Jun 23, 2020
Assistant Professor at Icahn School of Medicine at Mount Sinai,
Dr. Augusto Rodriguez, talks about the scope of his work and
research on different aspects of
In this episode, you will learn:
Dr. Rodriguez’s work centers around the goal of incorporating
molecular information from tumors into tools that can be applied in
the clinical setting to improve prognosis predictions, and
developing novel methods for early detection of liver cancer.
The current gold standard for early detection of liver cancer is a combination of abdominal ultrasonography to look for evidence of small tumor formation, and blood tests to identify the levels of a certain protein known to be elevated in patients with liver cancer.
So, what’s wrong with the current gold standard? Dr. Rodriguez explains that in addition to operator error with regard to the ultrasound procedure, it requires patients to travel to an imaging center every six months, which is difficult to manage for many people. Due to the inconvenience and difficulty presented by compliance with the gold standard protocol, many people end up developing liver cancer that goes undetected for far too long.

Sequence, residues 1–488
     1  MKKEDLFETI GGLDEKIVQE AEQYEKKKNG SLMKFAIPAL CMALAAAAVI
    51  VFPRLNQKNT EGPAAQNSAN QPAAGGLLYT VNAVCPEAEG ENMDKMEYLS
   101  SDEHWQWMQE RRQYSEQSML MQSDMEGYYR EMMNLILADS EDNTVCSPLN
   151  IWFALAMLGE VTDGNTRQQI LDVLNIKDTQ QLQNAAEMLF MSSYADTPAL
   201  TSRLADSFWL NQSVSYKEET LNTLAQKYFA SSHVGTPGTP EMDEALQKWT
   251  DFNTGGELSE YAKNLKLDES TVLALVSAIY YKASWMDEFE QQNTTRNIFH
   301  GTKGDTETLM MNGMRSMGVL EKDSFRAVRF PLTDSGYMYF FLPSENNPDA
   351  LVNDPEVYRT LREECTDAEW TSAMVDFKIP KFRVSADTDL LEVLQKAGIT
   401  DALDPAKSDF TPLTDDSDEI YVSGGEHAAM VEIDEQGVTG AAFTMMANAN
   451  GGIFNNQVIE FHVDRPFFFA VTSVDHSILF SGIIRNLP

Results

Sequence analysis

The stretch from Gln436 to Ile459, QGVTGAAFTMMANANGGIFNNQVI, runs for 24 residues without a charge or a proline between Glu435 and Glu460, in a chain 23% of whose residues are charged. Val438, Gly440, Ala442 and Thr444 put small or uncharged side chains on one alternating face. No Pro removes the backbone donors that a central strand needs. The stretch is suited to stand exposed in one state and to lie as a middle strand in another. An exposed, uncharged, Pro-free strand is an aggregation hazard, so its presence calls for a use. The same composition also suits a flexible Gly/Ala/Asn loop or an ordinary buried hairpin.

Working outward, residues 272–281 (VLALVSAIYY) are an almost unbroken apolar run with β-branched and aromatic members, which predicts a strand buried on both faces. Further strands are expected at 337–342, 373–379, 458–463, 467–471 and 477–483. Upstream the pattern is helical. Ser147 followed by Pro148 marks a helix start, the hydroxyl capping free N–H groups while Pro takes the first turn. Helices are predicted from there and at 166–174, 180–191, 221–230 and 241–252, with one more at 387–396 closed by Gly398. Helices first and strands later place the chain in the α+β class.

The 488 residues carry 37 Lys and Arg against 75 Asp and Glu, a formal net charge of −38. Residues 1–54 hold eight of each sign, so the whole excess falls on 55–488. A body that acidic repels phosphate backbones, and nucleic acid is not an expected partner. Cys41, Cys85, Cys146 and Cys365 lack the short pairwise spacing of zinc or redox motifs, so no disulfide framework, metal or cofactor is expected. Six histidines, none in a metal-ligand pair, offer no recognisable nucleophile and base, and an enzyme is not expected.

A potential solution that Dr. Rodriguez has his eyes on is a
technology called liquid biopsy. In essence, it entails an analysis
of tumor components within the bloodstream, such as fragments of
DNA from tumors or extracellular vesicles released from tumors. The
detection of such components in a blood sample taken at the point
of care can detect liver tumors when they are very small, leading
to better overall prognosis.
In addition, liquid biopsy may address another complication in the area of liver cancer treatment, which is the determination of how best to sequence the many therapies that have become available in recent years.
Dr. Rodriguez discusses a number of fascinating topics. Tune in
for all the details.
Available on Apple Podcasts: apple.co/2Os0myK